-The writing is very good. Therefore, the typos are all the more grating. I reckon one per page. Pity.
Very, very intruiging historical mystery.
"Aquavit" is a liqueur that my grandparents would recommend if someone was a bit weak in the knees or fatigued. It means "life-water". A small shot of it would get you back on your feet.
Tex Bonaventure and the Temple of the Water of Life bears some similarities to that liqueur. It's short, strong and it picks you right up.
The entire game is one funny poke at Indiana Jones tropes. The deathtraps in the temple are not any more over the top than in the movies, but the descriptions (and the protagonist's reactions to them) make it obvious how improbable and inappropriate some of those movie traps are. I bet the designers of the boobytrapped temples could have made a good living designing text-adventures in the eighties.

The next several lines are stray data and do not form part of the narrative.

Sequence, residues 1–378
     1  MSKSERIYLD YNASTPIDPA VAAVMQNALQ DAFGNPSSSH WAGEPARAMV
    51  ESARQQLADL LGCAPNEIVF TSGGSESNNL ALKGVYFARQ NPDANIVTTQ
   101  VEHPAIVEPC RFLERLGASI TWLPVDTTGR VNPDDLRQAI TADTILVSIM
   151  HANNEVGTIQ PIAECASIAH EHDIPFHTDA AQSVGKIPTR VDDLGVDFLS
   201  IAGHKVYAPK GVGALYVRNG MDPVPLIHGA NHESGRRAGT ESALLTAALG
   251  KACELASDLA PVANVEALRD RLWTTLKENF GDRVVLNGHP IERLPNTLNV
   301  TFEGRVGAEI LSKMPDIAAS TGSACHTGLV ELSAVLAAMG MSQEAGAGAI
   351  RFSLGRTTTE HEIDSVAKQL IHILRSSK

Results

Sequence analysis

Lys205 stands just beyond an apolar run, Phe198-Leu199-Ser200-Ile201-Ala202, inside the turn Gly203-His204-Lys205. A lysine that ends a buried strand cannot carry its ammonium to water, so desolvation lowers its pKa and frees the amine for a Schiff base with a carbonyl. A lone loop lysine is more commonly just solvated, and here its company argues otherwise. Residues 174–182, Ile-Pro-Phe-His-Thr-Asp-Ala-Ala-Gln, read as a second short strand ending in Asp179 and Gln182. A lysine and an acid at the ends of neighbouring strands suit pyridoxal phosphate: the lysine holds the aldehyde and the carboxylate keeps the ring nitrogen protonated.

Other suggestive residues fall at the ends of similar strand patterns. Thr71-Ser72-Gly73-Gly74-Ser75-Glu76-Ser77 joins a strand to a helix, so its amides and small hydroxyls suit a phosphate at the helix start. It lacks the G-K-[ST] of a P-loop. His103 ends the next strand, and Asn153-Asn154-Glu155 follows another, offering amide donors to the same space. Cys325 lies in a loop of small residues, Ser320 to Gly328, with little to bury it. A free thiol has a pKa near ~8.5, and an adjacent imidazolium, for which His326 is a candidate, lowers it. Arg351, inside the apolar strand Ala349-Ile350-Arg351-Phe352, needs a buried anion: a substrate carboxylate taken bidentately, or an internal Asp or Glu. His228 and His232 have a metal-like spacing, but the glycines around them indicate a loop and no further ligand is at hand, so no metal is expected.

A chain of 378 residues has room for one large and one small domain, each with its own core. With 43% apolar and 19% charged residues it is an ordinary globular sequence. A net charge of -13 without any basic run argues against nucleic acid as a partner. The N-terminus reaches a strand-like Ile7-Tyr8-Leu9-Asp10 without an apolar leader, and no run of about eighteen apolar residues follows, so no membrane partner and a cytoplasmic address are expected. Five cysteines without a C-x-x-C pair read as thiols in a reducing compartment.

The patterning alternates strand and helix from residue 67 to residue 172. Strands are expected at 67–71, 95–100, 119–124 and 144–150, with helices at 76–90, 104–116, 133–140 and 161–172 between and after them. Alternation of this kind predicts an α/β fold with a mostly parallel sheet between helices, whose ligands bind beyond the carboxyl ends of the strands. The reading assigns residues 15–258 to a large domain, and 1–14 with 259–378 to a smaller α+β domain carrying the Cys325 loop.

What appears to be a funny comedy at first does reveal itself to be a clever little collection of interconnected puzzles. After dying a few times, I found myself taking the game a lot more seriously. It became a matter of pride to not let this Indie-parody mock me and my adventuring skills.
Lighthearted comedy at the expense of our beloved action-archeologist, good puzzles and a general tone of "Don't take things too seriously, and if you die, you can always undo." Fun!
I remember getting a very intimidating book as a present when I was a small child. I was amazed that it had more than a thousand pages. It seemed impossible that anyone would get through such a huge story. It turned out to be a "365 Bedtime Fairytales"-book, with a 3-page story for each night.
What was a relief in the case of the bedtime book turned out to be a disappointment in the case of Jigsaw, a game I had been looking forward to playing for a long time.